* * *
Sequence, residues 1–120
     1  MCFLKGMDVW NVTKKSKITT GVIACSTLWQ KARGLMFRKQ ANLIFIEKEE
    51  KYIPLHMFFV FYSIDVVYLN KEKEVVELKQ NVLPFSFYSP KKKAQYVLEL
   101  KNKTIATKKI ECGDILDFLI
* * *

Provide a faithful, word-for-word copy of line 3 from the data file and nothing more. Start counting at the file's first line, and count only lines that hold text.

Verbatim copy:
    51  KYIPLHMFFV FYSIDVVYLN KEKEVVELKQ NVLPFSFYSP KKKAQYVLEL